As the rain from Hurricane Harvey continued to pour down, Jackie Young, executive director of the San Jacinto River Coalition, could not stop thinking about the San Jacinto Waste Pits perched on the lip of the San Jacinto River.
The San Jacinto River Waste Pits — created in the 1960s when a paper mill signed a contract to dump industrial waste in a 20-acre lot along the bank of the San Jacinto — are like an enormous toxic jelly doughnut, packed full of dioxin, a known carcinogen.
The waste pits have been classified as a Superfund site for decades, but that's not the only reason Young and others in the area have been concerned as Harvey dumped more than one trillion gallons of water on Houston and caused unprecedented flooding that sent the San Jacinto and various other bayous, creeks and waterways out of their banks last week.
See, the San Jacinto Waste Pits have been known to leak.
The pits are just one of many sites that could be a problem in the wake of Hurricane Harvey. The Texas Commission on Environmental Quality oversees numerous toxic sites in and around Houston, and the federal Environmental Protection Agency tends to more than a dozen Superfund sites in Harris County.
However, it may be a while before we know how the San Jacinto Waste Pits or any of the numerous toxic sites across Harris County have held up against Hurricane Harvey and the floods that came with the historic storm.
On August 29, EPA officials came in from Washington, D.C., to observe the Superfund sites in the Houston area, but at that point the storm itself was still lingering over Houston and the flood waters hadn't even crested yet, so the officials didn't really see anything, let alone do any inspections.
Besides, it can sometimes take a while for leaks or other issues with these sites to be discovered.
When the San Jacinto Waste Pits sprang a leak most recently, after the Memorial Day floods in 2015, it took months for the puncture on the pits to be detected, as we then reported. It took even longer to get the leak fixed, as we noted.
Leading up to the storm, the TCEQ took measures to secure most of these sites before the storm hit, according to TCEQ spokeswoman Andrea Morrow. This included removing any drums of chemical waste and shutting down systems at sites that were projected to be in Harvey's path.
The EPA has been coordinating with potentially responsible parties as well with the TCEQ on these sites, Morrow says, but many of the locations are either still under water or are only just now beginning to emerge from the flood. (All while President Donald Trump is proposing to slash the EPA budget to ribbons next year.) So far, the EPA reports that 13 of the 41 sites in the area were flooded, based on the agency's analysis of aerial images. Of the 13 sites, inspectors have made it out to two spots so far, Falcon Refinery and Brine Service. Neither of the sites needs any repairs based on the inspections.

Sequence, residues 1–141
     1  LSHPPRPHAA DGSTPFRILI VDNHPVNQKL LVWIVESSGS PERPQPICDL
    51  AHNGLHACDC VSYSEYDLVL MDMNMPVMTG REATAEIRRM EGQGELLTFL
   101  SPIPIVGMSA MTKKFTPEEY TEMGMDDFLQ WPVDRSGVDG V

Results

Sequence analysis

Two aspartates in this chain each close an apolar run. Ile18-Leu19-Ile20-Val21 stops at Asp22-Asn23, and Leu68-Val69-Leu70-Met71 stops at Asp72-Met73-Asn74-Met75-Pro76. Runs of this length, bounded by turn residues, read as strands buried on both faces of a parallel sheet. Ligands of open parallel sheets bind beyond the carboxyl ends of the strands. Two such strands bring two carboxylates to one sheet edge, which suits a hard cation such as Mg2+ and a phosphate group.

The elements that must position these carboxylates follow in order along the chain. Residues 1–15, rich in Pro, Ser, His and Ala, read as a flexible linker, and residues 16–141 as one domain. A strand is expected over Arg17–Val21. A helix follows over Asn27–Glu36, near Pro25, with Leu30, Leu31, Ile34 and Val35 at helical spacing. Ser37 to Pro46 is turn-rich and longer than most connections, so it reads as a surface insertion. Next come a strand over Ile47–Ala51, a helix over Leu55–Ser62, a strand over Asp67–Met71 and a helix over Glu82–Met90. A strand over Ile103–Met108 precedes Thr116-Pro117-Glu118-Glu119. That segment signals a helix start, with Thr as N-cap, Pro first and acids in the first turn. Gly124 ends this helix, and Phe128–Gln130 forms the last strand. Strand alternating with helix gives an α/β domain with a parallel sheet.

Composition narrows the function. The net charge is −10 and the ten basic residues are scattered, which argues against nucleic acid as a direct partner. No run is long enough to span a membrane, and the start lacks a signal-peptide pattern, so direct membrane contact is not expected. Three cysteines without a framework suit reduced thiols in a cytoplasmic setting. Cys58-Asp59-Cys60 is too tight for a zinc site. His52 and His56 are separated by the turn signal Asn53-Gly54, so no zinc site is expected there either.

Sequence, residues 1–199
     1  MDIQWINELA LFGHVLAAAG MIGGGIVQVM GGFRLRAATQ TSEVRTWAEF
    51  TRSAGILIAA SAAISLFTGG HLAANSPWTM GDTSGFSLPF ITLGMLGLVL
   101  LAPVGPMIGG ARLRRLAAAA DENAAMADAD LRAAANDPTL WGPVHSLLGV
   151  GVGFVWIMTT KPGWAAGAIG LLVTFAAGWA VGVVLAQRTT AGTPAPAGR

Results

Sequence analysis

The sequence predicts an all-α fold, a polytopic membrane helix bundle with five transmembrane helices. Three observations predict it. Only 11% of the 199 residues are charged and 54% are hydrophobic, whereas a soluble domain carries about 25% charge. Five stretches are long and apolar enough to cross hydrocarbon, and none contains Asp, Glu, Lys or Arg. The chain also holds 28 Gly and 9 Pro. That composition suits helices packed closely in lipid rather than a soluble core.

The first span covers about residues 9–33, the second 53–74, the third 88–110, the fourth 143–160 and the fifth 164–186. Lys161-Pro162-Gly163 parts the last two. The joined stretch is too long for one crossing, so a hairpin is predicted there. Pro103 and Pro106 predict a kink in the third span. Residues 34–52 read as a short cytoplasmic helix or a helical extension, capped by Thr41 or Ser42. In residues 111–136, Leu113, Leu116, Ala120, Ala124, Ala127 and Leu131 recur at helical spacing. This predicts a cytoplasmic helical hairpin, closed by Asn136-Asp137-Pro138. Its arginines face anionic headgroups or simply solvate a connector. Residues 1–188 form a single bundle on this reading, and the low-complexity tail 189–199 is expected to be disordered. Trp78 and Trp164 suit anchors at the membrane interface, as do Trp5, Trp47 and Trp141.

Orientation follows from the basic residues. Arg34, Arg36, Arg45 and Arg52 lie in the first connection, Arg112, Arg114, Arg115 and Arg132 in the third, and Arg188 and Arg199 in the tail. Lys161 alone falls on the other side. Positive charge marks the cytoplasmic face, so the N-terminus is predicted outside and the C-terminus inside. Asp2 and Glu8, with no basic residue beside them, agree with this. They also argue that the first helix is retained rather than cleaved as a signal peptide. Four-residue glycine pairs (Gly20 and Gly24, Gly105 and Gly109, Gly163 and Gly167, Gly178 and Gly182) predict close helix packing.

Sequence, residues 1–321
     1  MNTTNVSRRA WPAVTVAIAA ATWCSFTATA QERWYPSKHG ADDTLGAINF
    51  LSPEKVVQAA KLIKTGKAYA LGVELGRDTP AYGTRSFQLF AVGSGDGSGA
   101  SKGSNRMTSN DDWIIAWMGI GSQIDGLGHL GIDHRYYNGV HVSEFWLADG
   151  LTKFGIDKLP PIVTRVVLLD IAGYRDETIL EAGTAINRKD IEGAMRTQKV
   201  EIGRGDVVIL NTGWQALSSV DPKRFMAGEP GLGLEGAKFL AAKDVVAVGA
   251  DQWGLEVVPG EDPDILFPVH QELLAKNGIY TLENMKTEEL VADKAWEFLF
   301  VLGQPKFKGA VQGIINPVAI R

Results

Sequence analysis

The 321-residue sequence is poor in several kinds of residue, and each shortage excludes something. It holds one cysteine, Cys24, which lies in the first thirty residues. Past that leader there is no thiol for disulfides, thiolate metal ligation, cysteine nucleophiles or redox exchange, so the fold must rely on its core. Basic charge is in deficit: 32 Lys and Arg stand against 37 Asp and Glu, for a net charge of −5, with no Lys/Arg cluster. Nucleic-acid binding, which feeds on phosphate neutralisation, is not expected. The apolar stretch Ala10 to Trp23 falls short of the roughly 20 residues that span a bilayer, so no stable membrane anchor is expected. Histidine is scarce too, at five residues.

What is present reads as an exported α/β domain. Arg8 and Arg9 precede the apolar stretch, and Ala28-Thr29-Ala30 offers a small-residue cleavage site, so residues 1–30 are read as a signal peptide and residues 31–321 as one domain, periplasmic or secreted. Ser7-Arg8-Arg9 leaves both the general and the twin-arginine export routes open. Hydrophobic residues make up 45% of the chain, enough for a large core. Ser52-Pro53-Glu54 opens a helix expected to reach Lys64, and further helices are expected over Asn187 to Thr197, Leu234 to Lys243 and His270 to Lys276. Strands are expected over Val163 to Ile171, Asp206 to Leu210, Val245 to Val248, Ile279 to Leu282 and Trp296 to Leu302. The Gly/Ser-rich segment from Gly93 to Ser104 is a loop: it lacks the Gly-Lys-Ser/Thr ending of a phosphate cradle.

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The TCEQ and the EPA will be inspecting sites in the affected areas once they can get to them, Morrow says. That's encouraging, but keep in mind that right now it is still very unclear when exactly that will be. EPA inspectors reportedly got to the San Jacinto site on Monday and took samples to determine if the cap, put in place the last time the site flooded, had held the dioxin in during Hurricane Harvey. The test results will reportedly be released as soon as EPA investigators get them, but there's no word on when that will happen either.
Meanwhile, there's little to do but wait for the flood waters to recede and hope for the best. Young is trying to be optimistic, but she lived near the waste pits for years and is unable to believe the site has come through the storm unscathed, with its poisonous contents still tucked securely beneath the surface. Part of the San Jacinto Waste Pits site was already partially submerged in the river long before the storm hit. And it doesn't help that the entire area near the waste pits is pocked by gouged-out portions of the roads, twisted-up houses and debris hanging from the treetops.
"It's a scary thought to know that hundreds of cubic yards of carcinogenic sediment, which make up the Waste Pits, is currently lurking under the San Jacinto River's churning flood waters," Young says. "The last video I saw of the site, the water was pounding against the Interstate 10 bridge. No part of me believes the waste pits are intact."